The Final Rule also refines the definition of "substantial interest," a term that relates to the FIRRMA requirement for filing declarations with respect to transactions that will convey a substantial interest in a U.S. business to a foreign person in which the national or subnational governments of a single foreign state have a substantial interest. To clarify how the "substantial interest" criterion would apply in the case of an investment by a foreign entity whose activities are primarily directed, controlled, or coordinated by a general partner, managing member, or equivalent, the Final Rule provides that the national or subnational governments of a single foreign state will be considered to have a "substantial interest" in such foreign entity only if such governments hold at least 49% of the interest in the general partner, managing member or equivalent of the foreign entity. Likewise, the Final Rule refines how to calculate an indirect ownership interest.
Clarifications Under the Final Rule
Although the Final Rule remains largely consistent with the proposed rule issued last May, the Final Rule provides some key clarifications. The clarifications include:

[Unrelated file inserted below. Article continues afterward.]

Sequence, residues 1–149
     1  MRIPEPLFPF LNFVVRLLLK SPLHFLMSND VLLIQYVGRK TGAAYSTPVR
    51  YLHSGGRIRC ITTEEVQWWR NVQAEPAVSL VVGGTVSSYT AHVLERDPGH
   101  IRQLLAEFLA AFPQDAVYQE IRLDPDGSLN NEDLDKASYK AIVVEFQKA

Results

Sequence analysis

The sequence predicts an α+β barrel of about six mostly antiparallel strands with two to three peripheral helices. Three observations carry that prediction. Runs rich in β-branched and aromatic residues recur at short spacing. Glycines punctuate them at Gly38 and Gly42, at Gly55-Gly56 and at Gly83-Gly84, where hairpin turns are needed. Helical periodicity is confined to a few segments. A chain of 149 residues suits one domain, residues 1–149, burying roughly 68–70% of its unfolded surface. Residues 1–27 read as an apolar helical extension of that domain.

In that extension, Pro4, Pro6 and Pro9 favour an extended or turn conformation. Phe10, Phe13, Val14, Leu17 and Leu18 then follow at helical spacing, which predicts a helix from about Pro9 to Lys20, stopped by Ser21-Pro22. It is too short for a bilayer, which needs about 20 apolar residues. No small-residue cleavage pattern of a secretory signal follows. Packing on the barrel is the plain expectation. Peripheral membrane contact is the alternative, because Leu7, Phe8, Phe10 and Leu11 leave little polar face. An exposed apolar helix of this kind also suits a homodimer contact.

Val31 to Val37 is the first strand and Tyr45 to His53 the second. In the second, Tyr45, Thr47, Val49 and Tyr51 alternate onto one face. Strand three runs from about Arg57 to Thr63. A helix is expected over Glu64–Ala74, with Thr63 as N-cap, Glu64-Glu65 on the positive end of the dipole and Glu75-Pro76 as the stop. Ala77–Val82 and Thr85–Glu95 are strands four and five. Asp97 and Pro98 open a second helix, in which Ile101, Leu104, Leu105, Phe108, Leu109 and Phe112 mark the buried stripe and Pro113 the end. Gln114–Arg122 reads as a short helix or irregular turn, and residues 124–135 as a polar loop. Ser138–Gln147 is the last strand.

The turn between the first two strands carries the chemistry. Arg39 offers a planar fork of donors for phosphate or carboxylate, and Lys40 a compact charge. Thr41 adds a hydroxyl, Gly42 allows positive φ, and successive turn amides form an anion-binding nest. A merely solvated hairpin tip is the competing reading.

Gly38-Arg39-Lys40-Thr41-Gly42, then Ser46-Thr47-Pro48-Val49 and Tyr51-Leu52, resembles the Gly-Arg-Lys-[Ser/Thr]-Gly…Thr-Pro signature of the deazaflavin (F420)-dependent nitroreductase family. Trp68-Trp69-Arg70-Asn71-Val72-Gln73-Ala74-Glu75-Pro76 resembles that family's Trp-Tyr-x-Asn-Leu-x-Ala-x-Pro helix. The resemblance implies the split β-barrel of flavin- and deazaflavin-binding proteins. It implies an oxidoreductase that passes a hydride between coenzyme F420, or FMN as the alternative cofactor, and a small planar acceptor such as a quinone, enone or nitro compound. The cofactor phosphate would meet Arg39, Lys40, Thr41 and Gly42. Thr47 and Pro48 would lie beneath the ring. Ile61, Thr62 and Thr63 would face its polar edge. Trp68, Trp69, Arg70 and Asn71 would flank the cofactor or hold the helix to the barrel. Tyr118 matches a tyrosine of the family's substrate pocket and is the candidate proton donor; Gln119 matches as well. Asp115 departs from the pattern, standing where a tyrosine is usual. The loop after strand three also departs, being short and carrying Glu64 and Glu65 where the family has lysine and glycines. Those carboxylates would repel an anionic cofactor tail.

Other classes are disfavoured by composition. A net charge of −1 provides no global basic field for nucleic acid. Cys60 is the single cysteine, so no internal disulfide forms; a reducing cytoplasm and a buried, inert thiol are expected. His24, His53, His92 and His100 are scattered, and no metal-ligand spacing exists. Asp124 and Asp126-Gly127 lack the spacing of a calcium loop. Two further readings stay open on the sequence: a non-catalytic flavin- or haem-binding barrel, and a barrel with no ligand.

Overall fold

- Timing for Mandatory Declarations Involving Critical Technology. Responding to concerns regarding when parties should determine whether "critical technology" is involved in a transaction, Treasury included in the Final Rule an express requirement that parties assess the presence of critical technologies when the transaction meets any of CFIUS' general applicability rules. Practically, under the Final Rule, this means that parties should assess whether a mandatory declaration is required at an earlier stage in the transacting process rather than at closing-such as when the parties establish the material terms of the transaction in a binding agreement. Moreover, in the occasional situation where, for example, the parties have assessed a proposed transaction for possible CFIUS requirements, and then U.S. export regulations change before closing, the parties should do another assessment.